Distant metastases from oral squamous cell carcinoma are unusual, but generally occur in lungs, bone, and liver. Cutaneous metastasis is extremely rare, and it often reflects an advanced stage with sinister prognosis. The authors report an 81-year-old male patient with multifocal cutaneous metastases from a recurrent squamous cell carcinoma of the hard palate 5 months after primary treatment.
Oral squamous cell carcinoma (OSCC) accounts for over 90% of all oral cancers and is the eighth most common cancer worldwide. The sites commonly involved include the tongue, the floor of the mouth and the buccal mucosa, whilst hard palate involvement is comparatively less. The prognosis of OSCC is generally poor, with no significant improvement in overall 5-year survival rates (45–55%) in the past two decades. Survival of OSCC patients, including those with SCC of the hard palate, is influenced by tumour stage, cervical lymph node status, histological grade, and distant metastasis status.
OSCC has a predilection for cervical lymph node metastasis, with a 27–40% incidence even in early stage tumours (T1/T2), but the distant metastasis is only about 10%. Common sites for distant metastasis are lung, bone and liver; cutaneous metastasis is rare. The authors present a rare case of multifocal cutaneous metastases from a recurrent hard palate SCC.
The patient was an 81-year-old Chinese man who presented with a 3-month history of a deep non-healing ulcer at the left posterior hard palate with occasional epistaxis. The painless ulcer was over 2 cm in diameter with little swelling. His medical history was unremarkable.
The patient used to smoke 20 cigarettes a day for over 30 years and drank unspecified amounts of alcohol ‘socially’. CT scans showed thickening of the soft tissues at the roof of the oral cavity, abutting the hard palate and eroding the hard and soft palate and floor of the nasal cavity. Several small volume lymph nodes were found bilaterally at levels II and III, but were classified as unenlarged on radiographic criteria. The diagnosis, confirmed by biopsy, was SCC of the left hard palate (T 2 N 0 M 0 ). The treatment plan was local surgical excision without neck dissection. After routine preoperative examination, the tumour was excised with good margins of hard and soft palate. Four dental implants were placed simultaneously under general anaesthesia. During the operation, frozen sections of all the margins were clear of tumour. The histopathological diagnosis of the lesion was confirmed to be moderately differentiated SCC. The hard palate defect was rehabilitated with an obturator. Reconstruction was not planned until the disease was controlled locally.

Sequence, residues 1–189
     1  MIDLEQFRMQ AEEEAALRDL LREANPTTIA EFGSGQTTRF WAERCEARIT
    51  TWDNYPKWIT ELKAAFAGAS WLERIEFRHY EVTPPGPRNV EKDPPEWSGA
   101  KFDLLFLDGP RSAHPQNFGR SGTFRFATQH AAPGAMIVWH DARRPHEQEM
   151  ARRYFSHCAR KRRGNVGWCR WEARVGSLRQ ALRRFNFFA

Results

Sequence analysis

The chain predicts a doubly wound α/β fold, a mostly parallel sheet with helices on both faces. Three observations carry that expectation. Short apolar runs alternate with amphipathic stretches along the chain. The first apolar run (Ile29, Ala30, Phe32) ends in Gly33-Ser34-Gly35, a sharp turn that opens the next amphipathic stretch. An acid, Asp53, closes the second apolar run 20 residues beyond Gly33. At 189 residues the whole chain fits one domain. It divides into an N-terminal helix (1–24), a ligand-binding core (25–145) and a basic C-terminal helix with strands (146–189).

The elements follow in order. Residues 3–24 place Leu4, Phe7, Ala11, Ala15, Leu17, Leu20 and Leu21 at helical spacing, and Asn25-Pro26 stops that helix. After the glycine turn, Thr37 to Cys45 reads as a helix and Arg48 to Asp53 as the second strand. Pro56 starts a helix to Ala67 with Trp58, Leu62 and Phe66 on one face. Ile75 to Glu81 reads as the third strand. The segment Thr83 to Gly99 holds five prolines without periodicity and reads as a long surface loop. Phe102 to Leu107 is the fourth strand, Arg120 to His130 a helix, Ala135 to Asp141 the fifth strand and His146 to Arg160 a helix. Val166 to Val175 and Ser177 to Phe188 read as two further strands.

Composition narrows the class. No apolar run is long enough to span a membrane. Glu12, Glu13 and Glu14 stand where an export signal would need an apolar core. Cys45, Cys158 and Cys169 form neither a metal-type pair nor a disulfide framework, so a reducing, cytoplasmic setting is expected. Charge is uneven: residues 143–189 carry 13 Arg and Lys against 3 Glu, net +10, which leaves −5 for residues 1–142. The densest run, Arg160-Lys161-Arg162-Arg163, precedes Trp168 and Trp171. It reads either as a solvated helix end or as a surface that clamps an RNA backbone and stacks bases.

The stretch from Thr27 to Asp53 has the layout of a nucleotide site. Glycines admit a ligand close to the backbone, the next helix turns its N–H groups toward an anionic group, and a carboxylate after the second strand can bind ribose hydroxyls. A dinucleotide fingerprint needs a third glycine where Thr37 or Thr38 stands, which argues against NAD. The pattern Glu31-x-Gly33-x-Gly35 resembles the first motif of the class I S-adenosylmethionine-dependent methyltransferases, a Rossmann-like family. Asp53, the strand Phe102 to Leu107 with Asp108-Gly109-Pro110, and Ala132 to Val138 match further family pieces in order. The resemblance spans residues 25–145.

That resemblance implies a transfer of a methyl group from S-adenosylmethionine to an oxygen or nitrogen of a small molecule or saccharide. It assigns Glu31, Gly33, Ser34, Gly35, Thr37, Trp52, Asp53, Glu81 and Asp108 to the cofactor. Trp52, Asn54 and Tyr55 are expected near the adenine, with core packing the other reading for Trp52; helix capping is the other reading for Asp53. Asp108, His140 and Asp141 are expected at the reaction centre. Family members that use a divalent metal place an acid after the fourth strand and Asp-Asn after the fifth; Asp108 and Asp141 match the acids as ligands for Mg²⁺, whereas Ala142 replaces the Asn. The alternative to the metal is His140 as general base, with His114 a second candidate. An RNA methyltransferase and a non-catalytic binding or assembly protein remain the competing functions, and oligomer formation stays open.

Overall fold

Three months after the primary operation, epistaxis reappeared. A CT scan showed new erosion of the posterior floor of the left sphenoid sinus, and a 10 mm soft tissue nodule in the anterior wall of the left maxillary sinus with associated bone erosion. The recurrence, located at the skull base, was confirmed by biopsy. The patient’s family refused extensive surgery because of his frail condition, so he was scheduled for radiotherapy followed by chemotherapy. Two months after radiation of the recurrent region, except the neck, multiple painless nodules appeared in the skin of the face ( Fig. 1 ), neck ( Fig. 2 ), back ( Fig. 3 ), toe ( Fig. 4 ) and oral mucosa.
Pathological examination found these nodules to be infiltrative SCC invading the subcutaneous tissue. The histologic features were consistent with SCC, and appeared compatible with a clinical diagnosis of multifocal metastatic lesions from the previous hard palate SCC. A chest X-ray revealed multiple round opacities of various sizes in both lungs. This patient was too weak to undergo chemotherapy, though several skin metastatic nodules were excised at the patient’s request. The patient died 2 months after the diagnosis of multifocal cutaneous metastases.